2) Corrupt cronyism – hiring only those that complete eachothers’ sentences in defiance of Equal Opportunity Employment laws.
    3) Treason in the GWOT.
    4) Relentless hate crimes and defamation against al least 50% of the country.
    5) Aiding and abetting election fraud.
    6) Corporate malfeasance, lack of accounting disclosure, and gross misuse of investors’ monies.
    7) A conspiracy to keep people poor and stupid.


    Anyone that thinks the print media are well-intentioned people hopelessly clinging to an old business model is, IMO, being overly euphemistic.

    They are a domestic terror cell that has ravaged America with ignorance, socialism, unfunded entitlements, and a weaker national defense.

    I say round them up, and sentence them to bucolic ANWR.

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  • Question for “journalist”

    Internet = Hitler?

  • Yesterday, Senator Russell Feingold (D-WI) introduced a Motion of Censure on the floor of the US Senate, to formally take Our Commander in Cheat to task for violating the Constitution and the law in his illegal domestic wiretapping program. Astonishingly enough, the main response from the Republican leadership (specifically, Dr. Bill “I’ve seen the videotape and in my medical opinion she’s conscious” Frist) was they they couldn’t support the motion on the grounds that — and this is a direct quote — “it would send the wrong signal around the world.”

    This is the man, by the way, who wants to be the next Republican President of the United States.


    None of these idiots seems to comprehend that invading a nation which has not attacked us, killing tens of thousands of innocent civilians (the current best estimate, which our Pentagon continues to suppress, is 25-30,000 Iraqi civilians died in the actual fighting, and the bump in overall death rate from all factors, comparing pre- and post-invasion, suggests that the invasion of Iraq was responsible, by the end of 2004, for 130,000 Iraqi civilian deaths. And we wonder why they hate us . . .), kidnapping innocent citizens of friendly nations and shipping them off without trial or even the faintest shred of evidentiary review to be tortured — not to mention maintaining our own officially-sanctioned torture chambers in Cuba, Iraq and Afghanistan, and having an executive banch of government (Constitutionally charged with enforcing the our nation’s laws) openly declaring that our nation’s law does not apply to them . . .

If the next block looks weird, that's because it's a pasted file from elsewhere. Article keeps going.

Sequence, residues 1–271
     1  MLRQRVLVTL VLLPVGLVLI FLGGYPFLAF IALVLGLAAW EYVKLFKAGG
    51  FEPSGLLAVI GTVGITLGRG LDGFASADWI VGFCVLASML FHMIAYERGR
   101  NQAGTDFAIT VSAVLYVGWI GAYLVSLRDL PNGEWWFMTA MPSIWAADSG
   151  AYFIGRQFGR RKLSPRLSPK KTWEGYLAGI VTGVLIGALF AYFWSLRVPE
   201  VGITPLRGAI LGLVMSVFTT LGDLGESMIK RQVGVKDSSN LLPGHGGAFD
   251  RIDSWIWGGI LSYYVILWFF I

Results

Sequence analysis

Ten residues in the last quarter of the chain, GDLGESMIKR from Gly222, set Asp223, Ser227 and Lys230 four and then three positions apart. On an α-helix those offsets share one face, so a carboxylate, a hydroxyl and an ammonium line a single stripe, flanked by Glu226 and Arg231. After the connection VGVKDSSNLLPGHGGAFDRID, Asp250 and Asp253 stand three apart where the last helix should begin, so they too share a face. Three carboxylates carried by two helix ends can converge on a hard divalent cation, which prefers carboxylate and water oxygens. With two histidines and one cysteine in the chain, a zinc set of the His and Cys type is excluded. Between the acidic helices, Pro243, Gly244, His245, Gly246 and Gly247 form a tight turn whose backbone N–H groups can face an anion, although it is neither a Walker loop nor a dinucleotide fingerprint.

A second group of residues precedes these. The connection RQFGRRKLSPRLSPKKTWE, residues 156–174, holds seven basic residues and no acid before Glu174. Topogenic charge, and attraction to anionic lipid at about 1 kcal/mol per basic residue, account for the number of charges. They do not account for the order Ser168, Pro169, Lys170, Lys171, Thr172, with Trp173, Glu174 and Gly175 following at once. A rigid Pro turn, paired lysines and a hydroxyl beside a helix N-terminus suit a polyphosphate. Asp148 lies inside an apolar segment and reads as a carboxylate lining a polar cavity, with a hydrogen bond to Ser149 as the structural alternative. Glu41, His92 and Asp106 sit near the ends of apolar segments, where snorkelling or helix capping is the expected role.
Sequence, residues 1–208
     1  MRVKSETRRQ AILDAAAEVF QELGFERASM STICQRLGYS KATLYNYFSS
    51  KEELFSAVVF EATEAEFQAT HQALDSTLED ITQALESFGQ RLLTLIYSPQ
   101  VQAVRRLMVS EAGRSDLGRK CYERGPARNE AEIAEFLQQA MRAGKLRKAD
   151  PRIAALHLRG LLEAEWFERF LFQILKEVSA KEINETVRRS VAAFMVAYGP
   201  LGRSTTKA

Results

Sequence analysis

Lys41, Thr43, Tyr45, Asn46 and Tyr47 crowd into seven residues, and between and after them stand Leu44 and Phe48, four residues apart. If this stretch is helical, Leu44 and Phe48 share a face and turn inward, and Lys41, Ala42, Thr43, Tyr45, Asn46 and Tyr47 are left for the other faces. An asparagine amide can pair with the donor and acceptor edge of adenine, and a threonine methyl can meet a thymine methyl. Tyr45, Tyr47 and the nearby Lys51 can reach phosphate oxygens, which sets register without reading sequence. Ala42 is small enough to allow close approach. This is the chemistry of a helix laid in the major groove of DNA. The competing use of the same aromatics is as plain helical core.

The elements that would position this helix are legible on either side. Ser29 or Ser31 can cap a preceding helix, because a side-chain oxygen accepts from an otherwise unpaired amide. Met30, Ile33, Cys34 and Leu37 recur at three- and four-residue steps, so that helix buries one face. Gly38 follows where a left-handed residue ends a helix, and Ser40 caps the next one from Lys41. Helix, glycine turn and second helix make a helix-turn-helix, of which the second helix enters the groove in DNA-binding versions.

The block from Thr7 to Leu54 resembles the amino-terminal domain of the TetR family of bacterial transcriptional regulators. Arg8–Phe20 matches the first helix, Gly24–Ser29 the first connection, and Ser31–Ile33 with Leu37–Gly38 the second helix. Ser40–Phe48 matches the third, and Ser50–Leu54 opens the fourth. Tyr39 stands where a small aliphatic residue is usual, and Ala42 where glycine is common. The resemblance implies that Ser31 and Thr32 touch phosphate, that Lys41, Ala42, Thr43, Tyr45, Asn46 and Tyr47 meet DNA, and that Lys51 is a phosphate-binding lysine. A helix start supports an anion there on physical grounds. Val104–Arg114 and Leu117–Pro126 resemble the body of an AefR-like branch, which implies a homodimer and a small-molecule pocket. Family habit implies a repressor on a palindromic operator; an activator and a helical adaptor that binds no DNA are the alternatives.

I mean, how much more wrong can our fucking signals get? Ahhh, anyway. Anyone still wondering about the actual legality of the domestic wiretap program might want to check out the details here:

  • Tim Halbur

    Over the last few months I have been reading a number of blogs predicting the demise of the newspaper. As a matter of disclosure, I’m in no way affiliated with any newspaper but instead am just an avid reader of them. I am also an avid reader of blogs, meme’s, and news web sites.

    I like getting my information in a variety of ways, including the newspaper. While I realize that the information may not be up to the second, I really don’t need up to the second for a lot of information. I’m not making stock trades based on this information, I’m just learning about what is going on in the world, and in the country, and the state, and the county, and the local area. If I were making trades, sure, I would use the real time information sources, but other than a small minority of the time, who really needs the information blasting to them at every turn of their head or click of the keyboard.

    As for getting the information when I want to and not on the newspapers schedule, well, I suppose I could read the paper at 7:00 in the morning, or, 7:00 at night. Sure, I’m on their schedule rather than mine for the next day’s news, but again, does it matter if it’s current to the minute?

    What I find humorous about the meme’s out there, Digg, memorandum, Tailrank, etc, is that what are they, but a summary of the news. And, what is a newspaper, but a summary of the news. How often do articles change on the meme’s? I don’t know, but, we have Scoble and Weiner talking about new way’s to present the news because the main articles in the middle of the screen just don’t change often enough to warrent checking all day long.

    And what about the fact that most blog’s don’t break news stories, but instead add subjective, and valuable, context to the stories? There certainly are blogs that break stories, as documented in Paul Kedrosky’s blog, but, are there that many? And not to say that newspapers break all the stories either, they don’t, they regurgitate a lot of stores just like the blogs. But, they do break a fair number of stories, and, if we depend on blogs for our information, who’s going to break the stories that they add commentary on?

    So the loss of the newspaper journalist does concern me.